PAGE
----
To accommodate anticipated growth in the business, he’s added lawyers to the firm.
In the months after the pandemic started to savage the economy in March, consumer bankruptcy filings in South Florida trailed the numbers filed in 2019. They still do. Analysts believe that’s a function of the trillions in federal relief money that helped millions of jobless survive the economic downturn. In 2019, 6,702 Chapter 13 cases were filed in the Southern District of Florida, which stretches from Key West to Fort Pierce. Through November 2020, 4,225 were filed.
Robert Murphy, a Fort Lauderdale consumer lawyer and a University of Florida law school faculty member, fears tighter credit and more repos may be in store over the long term.
“People are becoming really desperate,” he said. “Longer term I am really concerned — depending on stimulus, this could get a lot worse.”
“I think there is a likelihood we are going to see higher repossessions and a tightening in credit available which has real implications” for consumers, he added.
Lender leeway has helped
Unlike student loans or mortgages, the federal government’s COVID-19 relief act passed in March does not guarantee auto loans. So lenders can’t be forced to suspend payments or stop repossessions. Lenders, though, can’t file a negative report that would affect a car owner’s credit score if a loan is suspended.
Area car dealers say they haven’t seen high numbers of repossessions because their affiliated lenders are working with customers.
Jonathan Chariff, CEO of South Motors Automotive Group, which operates 10 dealerships in South Florida, said dealers through their lending affiliates try to help their customers stay above water so they’ll remain repeat customers in the future.
“Our banking partners are working with the consumer,” he said, on a case-by-case basis.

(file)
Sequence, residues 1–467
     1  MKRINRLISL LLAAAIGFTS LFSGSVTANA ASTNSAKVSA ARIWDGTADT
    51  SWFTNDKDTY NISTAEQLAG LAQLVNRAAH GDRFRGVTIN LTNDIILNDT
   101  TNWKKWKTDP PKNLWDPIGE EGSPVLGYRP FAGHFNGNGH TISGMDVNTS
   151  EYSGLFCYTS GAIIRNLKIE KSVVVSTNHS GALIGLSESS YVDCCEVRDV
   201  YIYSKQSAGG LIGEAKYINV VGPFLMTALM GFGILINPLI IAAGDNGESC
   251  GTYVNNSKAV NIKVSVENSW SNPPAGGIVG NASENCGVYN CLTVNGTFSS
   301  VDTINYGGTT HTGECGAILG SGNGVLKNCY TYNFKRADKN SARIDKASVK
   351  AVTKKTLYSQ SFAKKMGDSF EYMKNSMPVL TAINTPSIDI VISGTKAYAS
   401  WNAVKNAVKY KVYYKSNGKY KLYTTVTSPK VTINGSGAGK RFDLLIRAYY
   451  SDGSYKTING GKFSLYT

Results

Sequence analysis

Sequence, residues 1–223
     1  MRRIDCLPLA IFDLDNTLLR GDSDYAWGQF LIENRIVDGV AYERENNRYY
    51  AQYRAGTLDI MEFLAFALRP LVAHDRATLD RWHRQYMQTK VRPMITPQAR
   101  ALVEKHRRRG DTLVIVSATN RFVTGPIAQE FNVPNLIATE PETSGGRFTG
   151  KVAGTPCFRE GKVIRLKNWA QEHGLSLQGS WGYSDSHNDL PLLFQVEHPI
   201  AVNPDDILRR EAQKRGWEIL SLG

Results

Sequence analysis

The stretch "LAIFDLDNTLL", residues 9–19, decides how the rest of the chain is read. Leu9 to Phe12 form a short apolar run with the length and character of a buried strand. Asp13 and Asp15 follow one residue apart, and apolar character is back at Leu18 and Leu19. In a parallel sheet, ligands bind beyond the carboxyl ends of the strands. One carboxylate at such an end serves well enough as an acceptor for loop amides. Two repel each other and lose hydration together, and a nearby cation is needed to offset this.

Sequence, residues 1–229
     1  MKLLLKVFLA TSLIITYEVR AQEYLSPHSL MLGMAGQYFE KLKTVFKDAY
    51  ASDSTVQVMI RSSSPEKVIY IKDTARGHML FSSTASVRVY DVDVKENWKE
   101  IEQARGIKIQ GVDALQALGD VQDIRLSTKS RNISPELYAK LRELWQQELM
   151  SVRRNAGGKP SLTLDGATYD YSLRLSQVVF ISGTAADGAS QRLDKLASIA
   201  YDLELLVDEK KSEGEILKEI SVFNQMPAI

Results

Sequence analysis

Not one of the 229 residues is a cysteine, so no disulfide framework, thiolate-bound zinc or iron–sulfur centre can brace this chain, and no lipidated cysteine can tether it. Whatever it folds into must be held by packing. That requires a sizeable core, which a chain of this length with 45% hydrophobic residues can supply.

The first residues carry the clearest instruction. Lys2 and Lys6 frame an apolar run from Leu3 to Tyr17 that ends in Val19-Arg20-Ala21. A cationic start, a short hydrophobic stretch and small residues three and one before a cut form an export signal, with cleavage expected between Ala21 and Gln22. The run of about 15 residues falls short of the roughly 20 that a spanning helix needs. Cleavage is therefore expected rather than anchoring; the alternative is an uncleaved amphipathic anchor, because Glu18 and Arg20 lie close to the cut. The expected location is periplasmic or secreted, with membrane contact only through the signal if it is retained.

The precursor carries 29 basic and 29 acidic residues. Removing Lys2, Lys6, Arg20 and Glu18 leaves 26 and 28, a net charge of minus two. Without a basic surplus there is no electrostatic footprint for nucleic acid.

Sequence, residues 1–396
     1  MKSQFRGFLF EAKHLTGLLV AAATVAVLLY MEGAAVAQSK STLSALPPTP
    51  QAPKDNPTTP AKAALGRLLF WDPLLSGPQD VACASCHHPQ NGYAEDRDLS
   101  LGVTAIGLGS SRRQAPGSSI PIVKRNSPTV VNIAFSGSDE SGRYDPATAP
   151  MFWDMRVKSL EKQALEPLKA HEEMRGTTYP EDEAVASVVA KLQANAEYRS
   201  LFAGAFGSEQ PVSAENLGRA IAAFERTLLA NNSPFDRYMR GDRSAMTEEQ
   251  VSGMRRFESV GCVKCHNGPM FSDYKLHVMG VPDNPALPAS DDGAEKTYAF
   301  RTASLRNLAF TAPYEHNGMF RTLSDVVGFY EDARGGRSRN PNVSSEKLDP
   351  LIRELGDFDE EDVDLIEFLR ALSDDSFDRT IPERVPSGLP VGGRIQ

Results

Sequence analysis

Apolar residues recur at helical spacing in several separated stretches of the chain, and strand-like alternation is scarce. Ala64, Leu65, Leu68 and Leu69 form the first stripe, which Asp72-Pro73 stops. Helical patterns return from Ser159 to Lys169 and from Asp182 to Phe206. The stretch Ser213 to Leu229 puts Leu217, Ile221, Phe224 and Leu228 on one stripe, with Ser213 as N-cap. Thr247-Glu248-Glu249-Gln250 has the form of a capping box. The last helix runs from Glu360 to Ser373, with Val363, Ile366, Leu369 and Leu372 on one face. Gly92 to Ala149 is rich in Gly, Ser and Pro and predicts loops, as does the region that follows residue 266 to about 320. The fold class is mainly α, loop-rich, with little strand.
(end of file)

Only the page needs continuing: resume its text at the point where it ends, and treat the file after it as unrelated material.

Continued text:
But borrowers with subprime credit histories had a sharp increase in delinquencies during the second quarter of 2020, according to TransUnion, one of the nation’s large credit reporting agencies.
Repo men in waiting
While lenders have helped keep cars on the road, the people who take them away have seen a slowdown in business.
“There’s no one in today’s business environment that’s operating at 100%,” said Les McCook, executive director of the American Recovery Association, which is based in Texas. “Most are in the 50% to 60% range.”
The pandemic has added to the repo men’s cost of doing business. The association website advises its members to add at least a $50 service fee for towing jobs to help pay for sanitizing work and personal protective equipment for employees.
McCook, whose organization has more than 250 members, said most cars being towed these days are the result of loan delinquencies from before the pandemic started. “Those are being cleaned up now,” he said.
“Most recoveries happening today are voluntaries,” he added, meaning cars that are being given up by their owners.